Anatomy of Gray

Running Time: 2 hours 30 minutes


Age Recommendation: 12+

Positive messages




There is very little physical violence, but the plot centers on illness and death.  Much of what could be disturbing for young children is due to the setting of rural 1898 Indiana.  Characters discuss offstage death and violence (an eye-ball eating cat or June finding her father dead of a heart-attack) in a matter-of-fact kind of way - a way that comes naturally to people for whom injury and death are an everyday part of their lives.  There is a violent tornado onstage that causes the doctor’s balloon to crash in the river.  June is brought onstage, apparently drowned, but the doctor saves her life.  Illness and injuries both on and offstage are described frankly, but are shown theatrically instead of realistically.  For example, when the doctor performs surgery with no anesthetic, the audience doesn’t see the surgery directly, but the pain and character’s description of late 19th century surgical procedure may be too graphic for young children.  When the town blames the spreading sickness on the doctor, they form a lynch mob – although they end up changing their minds when he saves another life.



References to sex or the human body include: romantic fantasies, frank discussions of an unwanted pregnancy, and characters that struggle with the conflict between 19th century modesty and new medical practices.  15 year-old June talks to the audience frankly about her romantic fantasies about a much older doctor.  Rebekah must decide whether or not to keep her baby and she discusses different options with the doctor.  The townspeople are shocked that the doctor asks patients to disrobe for examinations.  The doctor convinces the preacher to drop his trousers for an exam by dropping his own and using his own body to diagnose the preacher’s kidney stone.  There are several discussions of various illnesses using 19th century medical and layman’s terms for different parts of the human body.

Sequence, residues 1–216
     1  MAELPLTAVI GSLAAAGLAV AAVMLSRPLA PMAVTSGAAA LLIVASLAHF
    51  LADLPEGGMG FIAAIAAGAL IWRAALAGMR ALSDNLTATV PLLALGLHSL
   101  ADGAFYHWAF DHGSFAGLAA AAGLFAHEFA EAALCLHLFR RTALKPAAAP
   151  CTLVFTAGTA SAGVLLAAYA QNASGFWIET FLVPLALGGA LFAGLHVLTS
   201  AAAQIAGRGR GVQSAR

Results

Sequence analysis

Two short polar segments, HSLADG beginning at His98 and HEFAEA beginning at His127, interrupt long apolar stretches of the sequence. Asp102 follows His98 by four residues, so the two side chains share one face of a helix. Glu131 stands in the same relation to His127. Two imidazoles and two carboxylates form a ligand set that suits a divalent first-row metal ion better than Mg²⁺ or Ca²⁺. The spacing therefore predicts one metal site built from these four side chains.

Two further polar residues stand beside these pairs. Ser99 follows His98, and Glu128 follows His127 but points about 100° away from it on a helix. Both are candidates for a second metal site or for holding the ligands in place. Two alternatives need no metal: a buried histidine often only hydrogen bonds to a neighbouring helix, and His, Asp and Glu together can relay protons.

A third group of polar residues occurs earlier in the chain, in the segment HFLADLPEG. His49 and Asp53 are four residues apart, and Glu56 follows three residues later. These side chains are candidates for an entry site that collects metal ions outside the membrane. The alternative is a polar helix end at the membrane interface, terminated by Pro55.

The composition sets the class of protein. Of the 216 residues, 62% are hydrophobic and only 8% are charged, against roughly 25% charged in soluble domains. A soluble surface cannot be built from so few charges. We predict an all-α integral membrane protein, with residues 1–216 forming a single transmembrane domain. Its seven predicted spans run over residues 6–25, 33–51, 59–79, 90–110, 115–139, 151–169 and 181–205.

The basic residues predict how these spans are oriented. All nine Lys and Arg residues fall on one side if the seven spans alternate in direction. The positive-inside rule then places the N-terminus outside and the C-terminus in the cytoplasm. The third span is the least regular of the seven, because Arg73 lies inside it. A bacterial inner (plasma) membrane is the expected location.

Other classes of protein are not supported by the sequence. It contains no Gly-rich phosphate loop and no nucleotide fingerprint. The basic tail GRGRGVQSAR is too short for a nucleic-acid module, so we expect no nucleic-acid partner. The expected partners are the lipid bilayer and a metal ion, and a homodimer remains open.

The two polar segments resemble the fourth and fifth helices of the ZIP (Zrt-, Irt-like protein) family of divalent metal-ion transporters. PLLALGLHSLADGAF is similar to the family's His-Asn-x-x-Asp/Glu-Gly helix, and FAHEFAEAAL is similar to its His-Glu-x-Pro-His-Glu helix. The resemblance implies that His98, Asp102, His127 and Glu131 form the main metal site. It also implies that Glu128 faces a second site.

There is mild use of obscene or offensive language reflecting language commonly used in the late 19th century - see the list below for details. 

H*ll: spoken 3 times
G*d: spoken 21 times
J*sus: spoken 6 times
Sh*t: spoken once
D*mn: spoken 2 times

Drinking, drugs & smoking


The show contains some social drinking.  Townspeople drink whiskey onstage at a tavern and later to “calm nerves.”  The doctor uses whiskey as a sterilizer and anesthetic (as typical of late 19th century medicine).

Families Can Talk About...

Anatomy of Grey provides a good opportunity to speak with young people about illness and death.